So I don't know how to respond. I want those close to me to understand how much this matters to me, but I don't think I can argue much with the statement that once I am a mother I'll change my mind. I'm not a mother yet and they are, so instead I secretly get annoyed, continue pleasantly with the conversation, and rant to JP later that night. I can ignore the staying at home v. working mother message boards by simply not reading them- you can't judge someone based on a chat room post and I refuse to read the comments of people who do so. But it makes me sad that those who actually know me are so dismissive of the concept that my career and my children can both matter to me.


  1. Awesome post. I especially identified with "And why is it assumed that kids will so fundamentally change me and my goals, but not JP?" Doesn't a dad get a different view of working life when he realizes he's away from his baby, too? I know my husband will - he's already thinking about it. We've partly chosen lives in the public sector because of the shorter hours.

    Jobs can be frivolous, but career goals and dreams that really satisfy never are. I'm just lucky no woman in my family has ever stayed home with kids (although it's not really luck, it's economic necessity), so no one would ever give me a hard time. Good luck!

  2. Austin sounds like a great place to live.

    I have had WMPs (including law school classmates!) also suggest to me, while I was pregnant, that I would want to abandon my career plans once the baby came. Wrong. But most of the women in my family have continued working after having kids, so nobody in my family has said anything to me about that.

  3. I always fall back on the "my mother went nuts staying at home" argument, which makes these people clam up fairly quickly. :)

  4. One of the things I've always admired about you is that you know yourself really well. You think things through carefully, from lots of angles, and don't always settle for the obvious. When you say you know what you, as a person, need to have in your life, I believe you.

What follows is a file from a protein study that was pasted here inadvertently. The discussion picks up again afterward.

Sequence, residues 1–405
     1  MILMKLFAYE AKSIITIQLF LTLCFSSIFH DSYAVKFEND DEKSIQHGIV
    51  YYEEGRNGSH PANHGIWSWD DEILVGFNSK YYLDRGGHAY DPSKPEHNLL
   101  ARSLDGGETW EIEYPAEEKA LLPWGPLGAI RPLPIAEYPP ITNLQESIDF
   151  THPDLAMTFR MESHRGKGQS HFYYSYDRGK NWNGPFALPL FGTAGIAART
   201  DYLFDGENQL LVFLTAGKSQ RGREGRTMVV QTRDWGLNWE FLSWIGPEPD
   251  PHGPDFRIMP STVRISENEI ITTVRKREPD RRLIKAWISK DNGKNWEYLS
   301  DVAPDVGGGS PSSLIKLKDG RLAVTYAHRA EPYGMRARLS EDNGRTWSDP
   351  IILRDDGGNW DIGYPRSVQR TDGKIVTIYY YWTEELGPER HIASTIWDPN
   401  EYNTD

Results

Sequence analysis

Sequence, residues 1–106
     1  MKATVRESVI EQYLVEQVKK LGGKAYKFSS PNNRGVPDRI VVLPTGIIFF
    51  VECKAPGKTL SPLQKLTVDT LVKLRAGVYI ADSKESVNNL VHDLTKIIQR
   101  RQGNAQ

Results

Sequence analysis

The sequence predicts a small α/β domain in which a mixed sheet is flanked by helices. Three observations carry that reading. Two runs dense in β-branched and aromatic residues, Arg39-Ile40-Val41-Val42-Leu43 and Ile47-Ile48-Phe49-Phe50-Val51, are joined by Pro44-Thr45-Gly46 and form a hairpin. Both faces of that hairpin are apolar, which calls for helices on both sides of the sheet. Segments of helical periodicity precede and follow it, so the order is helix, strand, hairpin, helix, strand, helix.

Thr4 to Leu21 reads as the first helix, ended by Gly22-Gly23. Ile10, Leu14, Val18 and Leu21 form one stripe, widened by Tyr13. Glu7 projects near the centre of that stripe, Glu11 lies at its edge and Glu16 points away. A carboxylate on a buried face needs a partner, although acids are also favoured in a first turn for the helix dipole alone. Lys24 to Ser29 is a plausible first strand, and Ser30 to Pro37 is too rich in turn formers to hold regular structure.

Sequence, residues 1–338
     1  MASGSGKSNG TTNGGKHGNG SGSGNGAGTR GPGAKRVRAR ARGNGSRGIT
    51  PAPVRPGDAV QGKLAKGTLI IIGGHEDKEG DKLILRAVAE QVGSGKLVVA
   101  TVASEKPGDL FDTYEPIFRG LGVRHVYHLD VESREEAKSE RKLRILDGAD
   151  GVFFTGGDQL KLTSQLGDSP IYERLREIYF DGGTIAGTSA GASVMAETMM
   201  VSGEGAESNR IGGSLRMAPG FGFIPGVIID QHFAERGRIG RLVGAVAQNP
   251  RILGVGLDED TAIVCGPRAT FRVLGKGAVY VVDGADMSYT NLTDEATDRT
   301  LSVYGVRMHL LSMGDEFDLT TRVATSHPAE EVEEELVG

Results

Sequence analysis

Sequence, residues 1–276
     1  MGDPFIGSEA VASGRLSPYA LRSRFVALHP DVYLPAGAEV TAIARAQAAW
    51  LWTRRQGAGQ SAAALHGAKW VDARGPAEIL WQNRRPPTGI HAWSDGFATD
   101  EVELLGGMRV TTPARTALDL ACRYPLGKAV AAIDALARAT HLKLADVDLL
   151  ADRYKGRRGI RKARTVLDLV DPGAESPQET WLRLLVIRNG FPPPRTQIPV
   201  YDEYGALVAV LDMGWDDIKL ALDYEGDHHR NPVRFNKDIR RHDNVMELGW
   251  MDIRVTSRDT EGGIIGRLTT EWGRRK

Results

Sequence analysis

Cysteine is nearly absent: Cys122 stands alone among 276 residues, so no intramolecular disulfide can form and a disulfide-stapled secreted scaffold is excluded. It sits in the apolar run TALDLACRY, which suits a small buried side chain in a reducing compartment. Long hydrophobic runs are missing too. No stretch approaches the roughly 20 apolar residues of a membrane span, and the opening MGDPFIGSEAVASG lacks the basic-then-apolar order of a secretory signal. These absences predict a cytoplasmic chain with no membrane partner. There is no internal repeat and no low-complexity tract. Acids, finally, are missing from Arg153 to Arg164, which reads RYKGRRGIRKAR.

Just don't expect others to believe it. Most people, you smile and nod and show. That's been my experience, anyway, with those who told me my marriage wouldn't last, or that I'd never get around to going to law school...

    It gets old. It gets infuriating. But you know you're right about your own life. Living well really is the best revenge. (And JP would make a fantastic stay-at-home dad, and is just relaxed enough to do it. Also, not dependent on outside confirmation for his "manliness?" Heh.

  5. >>>>why is it assumed that kids will so fundamentally change me and my goals, but not JP?

    This is the greatest frustration in my life right now. Arrgh. I justed typed you a small novel as a comment. Fuggedaboutit -- I'm blogging this later in the week.

  6. Assumptions and more assumptions. For the first 2 year of marriage I brougt home the $$. Yet, it is always assumed by family that I have to go where hubby's career calls him.

    I feel stuck in a precarious place. He's got one of those high powered prestigious jobs. Now he makes significantly more than me. I work in the public sector and with the salary difference I am *starting* to feel that my career is more expendable (scary).

    It's besides the point that I am not found of law or lawschool or my current related position. I don't like to feel that my career is expendable. I want a 2nd career and a fabulous one. Perhaps I haven't realized my career dreams but it doesn't mean I don't want one!

  7. I feel the same frustration all the time, albeit from a different position. I am recently married, and planning to get into law school within the next two years (when my second degree is over) and get pregnant as well. To complicate things, I am married to a highly specialized physician, who will probably always bring in more money. He is insanely supportive, however, when I talk to certain people I always get the assumption that I am just biding my time in school waiting to be a educated trophy wife, or the suggestion I can always pick up law school after my kids are older. I didn't work this hard to be the wife of a doctor, or take my "miss degree"! I think women can have it all, and you are a great inspiration!